Blue Cross doesn’t take in or rehome ferrets but there are specialised rescue organisations that find homes for unwanted or stray ferrets. 

Ferrets, like their wild ancestor, eat small animals like mice, frogs and insects. It is likely that the ferret was introduced to the UK to hunt rabbits as they are used this way throughout Europe and North Africa. In captivity ferrets are often fed a dry ferret mix, or cat food, rather than meat.

Ferrets aren’t the easiest to handle and they can bite hard if startled so they don’t always make ideal pets for young children. 

Claws may need to be trimmed regularly, this doesn’t have to be a chore as many ferrets like the taste of oil (wheat germ, soya, olive, linseed) and, when drizzled on their bellies, this can make claw trimming with small claw scissors very easy. 

They should have daily exercise either in the house or in a large run. They can also be trained to walk with a harness and lead.

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When excited, they may perform a behaviour commonly called the weasel war dance, characterized by a frenzied series of sideways hops, leaps and bumping into nearby objects. Despite its common name, this is not aggressive but is a joyful invitation to play. It is often accompanied by a soft clucking noise, commonly referred to as "dooking".[14] In contrast, when scared, ferrets will make a hissing noise; when upset, they will make a soft 'squeaking' noise.[15]

"The Ferreter's Tapestry" is a 15th-century tapestry from Burgundy, France, now part of the Burrell Collection housed in the Glasgow Museum and Art Galleries. It shows a group of peasants hunting rabbits with nets and white ferrets. This image was reproduced in Renaissance Dress In Italy 1400–1500, by Jacqueline Herald, Bell & Hyman – ISBN 0-391-02362-4.

Ferrets were probably used by the Romans for hunting.[28][29]

Ferrets have four types of teeth (the number includes maxillary (upper) and mandibular (lower) teeth):

You should get your ferret checked out by a vet every year. Vaccinations against distemper are also advised because this disease is usually fatal to ferrets. Ferrets can be microchipped to permanently identify them and help to reunite them with their owners if they go missing.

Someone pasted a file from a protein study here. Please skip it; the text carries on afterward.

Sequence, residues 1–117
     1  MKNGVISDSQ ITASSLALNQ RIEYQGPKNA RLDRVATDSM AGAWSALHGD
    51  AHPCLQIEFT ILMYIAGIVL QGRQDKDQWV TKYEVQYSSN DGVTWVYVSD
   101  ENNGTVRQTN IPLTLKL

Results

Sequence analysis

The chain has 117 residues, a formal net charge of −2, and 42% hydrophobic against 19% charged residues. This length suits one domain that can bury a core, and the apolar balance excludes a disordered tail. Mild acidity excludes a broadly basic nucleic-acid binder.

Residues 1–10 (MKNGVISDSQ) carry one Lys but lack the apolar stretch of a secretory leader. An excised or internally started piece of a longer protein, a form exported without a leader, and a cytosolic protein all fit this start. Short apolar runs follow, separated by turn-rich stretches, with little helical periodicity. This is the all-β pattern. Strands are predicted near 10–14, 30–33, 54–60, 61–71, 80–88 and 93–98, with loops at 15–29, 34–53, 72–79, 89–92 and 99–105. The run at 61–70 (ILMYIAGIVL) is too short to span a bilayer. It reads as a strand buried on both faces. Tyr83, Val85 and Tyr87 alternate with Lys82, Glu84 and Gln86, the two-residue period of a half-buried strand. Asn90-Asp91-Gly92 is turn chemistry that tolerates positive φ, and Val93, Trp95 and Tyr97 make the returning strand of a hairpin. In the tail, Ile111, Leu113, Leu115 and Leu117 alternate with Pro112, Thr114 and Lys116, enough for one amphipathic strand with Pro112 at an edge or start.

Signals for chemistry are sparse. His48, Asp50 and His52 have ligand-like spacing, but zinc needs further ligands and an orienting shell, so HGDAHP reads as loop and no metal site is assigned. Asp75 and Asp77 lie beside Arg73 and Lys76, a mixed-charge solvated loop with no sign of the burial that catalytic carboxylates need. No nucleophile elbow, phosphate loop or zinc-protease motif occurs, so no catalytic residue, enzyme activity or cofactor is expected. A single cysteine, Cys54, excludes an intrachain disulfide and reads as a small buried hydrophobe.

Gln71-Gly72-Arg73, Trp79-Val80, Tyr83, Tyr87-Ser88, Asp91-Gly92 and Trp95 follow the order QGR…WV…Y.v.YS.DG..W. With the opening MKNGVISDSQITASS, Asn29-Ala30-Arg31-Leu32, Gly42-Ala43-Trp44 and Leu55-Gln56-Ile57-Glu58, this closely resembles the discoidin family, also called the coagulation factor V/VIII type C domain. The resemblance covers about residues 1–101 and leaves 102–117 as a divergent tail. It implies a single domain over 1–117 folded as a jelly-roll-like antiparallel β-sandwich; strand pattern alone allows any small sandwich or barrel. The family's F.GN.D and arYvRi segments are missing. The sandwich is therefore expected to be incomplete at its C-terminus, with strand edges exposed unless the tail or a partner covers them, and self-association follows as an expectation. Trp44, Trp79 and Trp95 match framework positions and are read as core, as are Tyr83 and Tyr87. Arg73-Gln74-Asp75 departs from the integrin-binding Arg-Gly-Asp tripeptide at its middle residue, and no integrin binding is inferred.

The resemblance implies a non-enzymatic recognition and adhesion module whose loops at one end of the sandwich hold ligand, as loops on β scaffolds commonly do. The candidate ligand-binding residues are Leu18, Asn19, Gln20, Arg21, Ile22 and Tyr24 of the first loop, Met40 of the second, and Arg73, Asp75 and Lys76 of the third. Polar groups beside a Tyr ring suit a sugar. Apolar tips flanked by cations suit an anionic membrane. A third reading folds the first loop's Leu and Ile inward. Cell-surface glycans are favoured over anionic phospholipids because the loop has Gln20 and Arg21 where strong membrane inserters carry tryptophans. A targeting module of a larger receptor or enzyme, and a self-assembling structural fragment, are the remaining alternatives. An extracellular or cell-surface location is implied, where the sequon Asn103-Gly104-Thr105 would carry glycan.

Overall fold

There is no one “perfect” way to care for ferrets because every ferret and every situation is different. It is up to you how you look after your ferret, but you must take reasonable steps to ensure that you meet all of their needs.

Ferrets need an insulated sleeping area, large enough for them to huddle together or sleep separately if they want. It should be wind and rainproof and out of direct sunlight. Ferrets don’t like extreme weather, particularly temperatures over 26ºC (ferrets can suffer and die if exposed to temperatures of 30ºC and above).

If well taken care of, healthy ferrets can live up to 10 years of age. However, their average lifespan is approximately 6 years.

However, if you are truly ready to bring a ferret into your home the rewards will quickly become obvious to you and your family.

White ferrets were favored in the Middle Ages for the ease in seeing them in thick undergrowth. Leonardo da Vinci's painting Lady with an Ermine is likely mislabelled; the animal is probably a ferret, not a stoat, (for which "ermine" is an alternative name for the animal in its white winter coat). Similarly, the ermine portrait of Queen Elizabeth the First shows her with her pet ferret, which has been decorated with painted-on heraldic ermine spots.

Usually options include spaying, a hormone implant every 18-24 months, a hormone injection (a jill-jab) every few months, a combination of these methods or using a sterile male ferret that has had a vasectomy for a infertile mating. This isn’t recommended due to the risk of spreading disease or potential injury to the female.

Ferrets are domesticated animals. Their most likely wild ancestors are the European polecat and the Steppe polecat. Since no wild counterpart exists, we are still learning about the ferret’s natural needs, habitat and behaviours.

For millennia, the main use of ferrets was for hunting, or ferreting. With their long, lean build, and inquisitive nature, ferrets are very well equipped for getting down holes and chasing rodents, rabbits and moles out of their burrows. Caesar Augustus sent ferrets or mongooses (named "viverrae" by Plinius) to the Balearic Islands to control the rabbit plagues in 6 BC.[32][33] In England, in 1390, a law was enacted restricting the use of ferrets for hunting to the relatively wealthy:

Like many other mustelids, ferrets have scent glands near their anus, the secretions from which are used in scent marking. Ferrets can recognize individuals from these anal gland secretions, as well as the sex of unfamiliar individuals.[11] Ferrets may also use urine marking for sex and individual recognition.[12]

Dr Eloise is a Clinical Lead at Love That Pet and one of our resident pet care experts. She also curates the select range of vet recommended and approved products which feature on our online pet store.

Ferrets are naturally curious and interact readily with their owners. Dry food can be scattered around their enclosure to encourage foraging or it can be placed in feeding toys available from pet suppliers.